The term "investigator" includes the principal investigator, program director, co-investigator, and any other persons, including College employees regardless of their employment classification, outside contractors, and consultants, who are responsible for the design, conduct, or reporting of research, educational, or service activities proposed for or financed by federal grant funding. For the purposes of this policy, a single grant may have multiple “investigators.”
"Significant financial interest" refers to anything of monetary value including, but not limited to, salary and other payments for services (e.g., consulting fees or honoraria), equity interests (e.g., stocks, stock options or other ownership interests), and intellectual property rights (e.g., patents, copyrights and royalties from such rights) of the investigator and the investigator's spouse and dependent children. A "significant financial interest" does not include:
- salary, royalties, or other remuneration from The Evergreen State College;
- income from seminars, lectures, or teaching engagements sponsored by public or non-profit entities;
- income from service on advisory committees or review panels for public or non-profit entities;
- an equity interest that, when aggregated for the investigator, the investigator's spouse, and dependent children, does not exceed $10,000 in value as determined through reference to public prices or other reasonable measures of fair market value and constitute more than a 5% ownership interest in any single entity; or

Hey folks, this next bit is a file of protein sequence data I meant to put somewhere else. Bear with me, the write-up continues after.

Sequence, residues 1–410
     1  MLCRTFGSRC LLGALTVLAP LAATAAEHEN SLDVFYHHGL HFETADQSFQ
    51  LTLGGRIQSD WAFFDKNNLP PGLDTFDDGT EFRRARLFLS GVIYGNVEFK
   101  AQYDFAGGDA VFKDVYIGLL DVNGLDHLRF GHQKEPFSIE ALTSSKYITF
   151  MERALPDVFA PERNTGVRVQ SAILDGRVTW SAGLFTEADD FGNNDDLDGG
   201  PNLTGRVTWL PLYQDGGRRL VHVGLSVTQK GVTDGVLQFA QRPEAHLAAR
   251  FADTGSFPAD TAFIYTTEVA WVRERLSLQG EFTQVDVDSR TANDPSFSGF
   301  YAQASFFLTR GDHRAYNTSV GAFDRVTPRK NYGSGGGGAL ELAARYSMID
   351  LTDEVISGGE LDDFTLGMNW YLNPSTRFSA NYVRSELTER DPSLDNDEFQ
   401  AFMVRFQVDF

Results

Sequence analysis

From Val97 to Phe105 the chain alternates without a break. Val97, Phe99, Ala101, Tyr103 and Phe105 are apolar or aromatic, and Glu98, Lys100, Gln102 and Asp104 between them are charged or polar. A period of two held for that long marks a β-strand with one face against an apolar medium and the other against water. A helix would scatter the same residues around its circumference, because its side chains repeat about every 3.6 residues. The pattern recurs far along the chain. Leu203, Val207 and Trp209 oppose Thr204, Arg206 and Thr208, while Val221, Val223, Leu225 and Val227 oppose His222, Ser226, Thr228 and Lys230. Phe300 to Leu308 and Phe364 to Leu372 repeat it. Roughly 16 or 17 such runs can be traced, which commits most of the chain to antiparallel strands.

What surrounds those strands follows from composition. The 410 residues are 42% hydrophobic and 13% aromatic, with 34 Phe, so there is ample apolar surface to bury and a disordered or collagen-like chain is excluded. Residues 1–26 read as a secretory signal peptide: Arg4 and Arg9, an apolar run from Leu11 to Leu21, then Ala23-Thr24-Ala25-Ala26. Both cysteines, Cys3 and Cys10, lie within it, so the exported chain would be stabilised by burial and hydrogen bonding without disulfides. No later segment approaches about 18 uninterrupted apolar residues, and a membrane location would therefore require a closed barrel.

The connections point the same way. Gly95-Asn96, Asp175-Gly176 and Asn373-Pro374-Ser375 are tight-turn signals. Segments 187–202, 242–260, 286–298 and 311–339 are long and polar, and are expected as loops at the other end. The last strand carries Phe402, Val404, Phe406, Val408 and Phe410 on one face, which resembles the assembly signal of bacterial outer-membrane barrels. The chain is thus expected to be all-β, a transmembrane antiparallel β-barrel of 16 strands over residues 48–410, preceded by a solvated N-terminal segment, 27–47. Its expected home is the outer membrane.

- salaries, royalties or other payments that when aggregated for the investigator, the investigator's spouse and dependent children over the next twelve months are not expected to exceed $10,000.
A "potential conflict of interest" occurs when there is a divergence between an individual's private interests and his or her professional obligations to the College such that an independent observer might reasonably question whether the individual's professional actions or decisions are determined by considerations of personal gain, financial or otherwise.
An "actual conflict of interest" depends on the situation and not on the character or actions of the individual. For purposes of this policy, a conflict of interest exists when the College, through procedures described in this policy, reasonably determines that a significant financial or personal interest could directly and significantly affect the design, conduct or reporting of the educational, research, and/or service activities that are funded or proposed for funding.
The College’s “Ethics Officer” is the Internal Auditor.
Investigators must disclose significant financial interests.